This is a story of a woman running away from tigers. She runs and runs, and the tigers are getting closer and closer. When she finally comes to the edge of a cliff she sees some vines there, so she climbs down and holds onto the vines. Looking down, she sees that there are tigers below her as well. She then notices that a mouse is gnawing away at the vine to which she is clinging. She also sees a beautiful bunch of strawberries close to her, growing out of a clump of grass. She looks up and she looks down. She looks at the mouse. Then she just takes a strawberry, puts it in her mouth and enjoys it thoroughly. Pema Chodron’s, “The Wisdom of No Escape and the Path of Loving Kindness,”
Chodron explains that “this is actually the predicament that we are always in, in terms of our birth and death. Each moment is just what it is. It might be the only moment of our life; it might be the only strawberry we’ll ever eat. We could get depressed about it, or we could finally appreciate it and delight in the preciousness of every single moment of our life. “
For those who have found the "lazy days of summer" eluding them and feel more rundown then usual you may be experiencing adrenal fatigue. Adrenal Fatigue happens when your adrenal glands cannot adequately meet the demands of stress. The adrenal glands are located above the kidneys and mobilize your body's responses to every kind of stress (whether it's physical, emotional, or psychological) through releasing two hormones, adrenaline and cortisol. They regulate energy production and storage, immune function, heart rate, muscle tone, and other processes that enable you to cope with stress.
The most common symptom of adrenal fatigue is exhaustion that is not relieved by sleep. You may look and act relatively normal with no obvious signs of physical illness, yet you live with a general sense of tiredness or "gray" feelings. Often having to use coffee and other stimulants to get going in the morning and throughout the day. Other common symptoms are:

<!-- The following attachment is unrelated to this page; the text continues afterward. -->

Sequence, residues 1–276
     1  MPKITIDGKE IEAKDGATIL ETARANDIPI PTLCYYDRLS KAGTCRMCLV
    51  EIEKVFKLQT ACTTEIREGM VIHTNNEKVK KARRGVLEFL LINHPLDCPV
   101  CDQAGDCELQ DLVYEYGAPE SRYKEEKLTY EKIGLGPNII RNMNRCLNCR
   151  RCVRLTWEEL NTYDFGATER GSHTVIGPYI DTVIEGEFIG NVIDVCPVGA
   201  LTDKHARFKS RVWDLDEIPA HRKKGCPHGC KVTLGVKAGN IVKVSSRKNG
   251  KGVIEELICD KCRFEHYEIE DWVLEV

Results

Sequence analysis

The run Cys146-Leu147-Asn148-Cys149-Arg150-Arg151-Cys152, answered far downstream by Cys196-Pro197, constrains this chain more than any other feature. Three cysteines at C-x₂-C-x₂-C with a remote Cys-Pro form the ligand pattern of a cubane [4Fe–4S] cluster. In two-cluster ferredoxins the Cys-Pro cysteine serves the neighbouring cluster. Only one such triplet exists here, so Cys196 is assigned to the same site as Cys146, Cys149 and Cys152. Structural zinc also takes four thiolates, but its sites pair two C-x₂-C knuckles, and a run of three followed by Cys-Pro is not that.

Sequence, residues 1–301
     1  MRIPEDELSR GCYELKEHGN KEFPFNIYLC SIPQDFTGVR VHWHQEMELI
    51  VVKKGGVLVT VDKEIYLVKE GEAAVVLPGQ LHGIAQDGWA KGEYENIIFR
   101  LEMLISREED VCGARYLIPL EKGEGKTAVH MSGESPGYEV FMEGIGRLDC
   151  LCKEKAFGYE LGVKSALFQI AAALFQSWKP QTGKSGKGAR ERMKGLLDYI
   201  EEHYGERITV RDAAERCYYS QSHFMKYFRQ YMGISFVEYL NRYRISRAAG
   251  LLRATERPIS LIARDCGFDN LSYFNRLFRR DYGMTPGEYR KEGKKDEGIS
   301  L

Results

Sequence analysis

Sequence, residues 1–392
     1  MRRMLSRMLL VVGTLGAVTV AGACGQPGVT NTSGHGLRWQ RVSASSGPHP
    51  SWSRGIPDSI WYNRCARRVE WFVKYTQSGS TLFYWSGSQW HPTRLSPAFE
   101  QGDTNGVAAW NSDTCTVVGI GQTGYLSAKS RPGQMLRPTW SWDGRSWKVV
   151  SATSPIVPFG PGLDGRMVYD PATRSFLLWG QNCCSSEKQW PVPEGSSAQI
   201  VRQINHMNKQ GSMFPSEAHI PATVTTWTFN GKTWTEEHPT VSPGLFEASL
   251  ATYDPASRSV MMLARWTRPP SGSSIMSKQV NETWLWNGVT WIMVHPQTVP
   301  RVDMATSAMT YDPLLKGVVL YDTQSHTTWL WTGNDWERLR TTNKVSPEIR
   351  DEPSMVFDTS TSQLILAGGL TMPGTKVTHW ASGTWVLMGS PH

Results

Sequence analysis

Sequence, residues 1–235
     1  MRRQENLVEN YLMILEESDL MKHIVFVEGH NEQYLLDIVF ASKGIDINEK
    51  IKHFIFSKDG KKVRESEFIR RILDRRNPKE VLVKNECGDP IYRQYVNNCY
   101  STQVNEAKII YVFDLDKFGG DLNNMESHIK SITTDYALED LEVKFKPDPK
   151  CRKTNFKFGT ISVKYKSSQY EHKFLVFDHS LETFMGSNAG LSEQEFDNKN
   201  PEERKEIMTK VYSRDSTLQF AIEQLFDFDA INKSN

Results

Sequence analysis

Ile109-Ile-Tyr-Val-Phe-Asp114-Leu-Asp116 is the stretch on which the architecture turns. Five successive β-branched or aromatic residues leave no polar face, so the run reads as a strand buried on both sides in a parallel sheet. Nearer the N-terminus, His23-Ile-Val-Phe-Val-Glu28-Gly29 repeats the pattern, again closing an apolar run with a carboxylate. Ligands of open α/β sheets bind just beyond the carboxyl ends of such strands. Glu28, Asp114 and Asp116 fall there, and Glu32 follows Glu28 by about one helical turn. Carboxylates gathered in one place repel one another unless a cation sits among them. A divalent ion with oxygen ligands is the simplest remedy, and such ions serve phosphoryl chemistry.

- You feel tired for no reason
- You have trouble getting up in the morning
- You fel rundown or overwhelmed
- You have difficulty bouncing back from stress or illness
- You crave salty and sweet snacks
- You feel more energetic and awake after 6pm
Our feet are pretty amazing. They account for 25% of the bones in our body and have over 250,000 sweat glands. They take us where we need to go and give us mobility and freedom of movement. The feet are among the first indicators of disease. For instance, ailments like nerve and circulatory disorders as well as diabetes and arthritis tend to show the first symptoms at the feet. They may become numb or have a tingling sensation. Only a very small percentage of people are born with foot problems but in their lifetime millions are affected by foot problems. The reason for this is wear and tear as well as unhealthy habits and poor foot care. Yoga poses increase muscle tone and stretch foot muscles and connective tissue. Creating and maintaining muscle tone in the feet will improve overall foot health. Bringing flexibility and strength to the feet, toes and ankles can lead to overall better health and alignment for the body. Any pose that strengthens the lower leg muscles and feet will help improve foot problems as well as increase circulation, reduce leg cramping, help reduce swollen ankles, and create stability in the body. Listed below are a number of specific yoga poses that benefit the feet.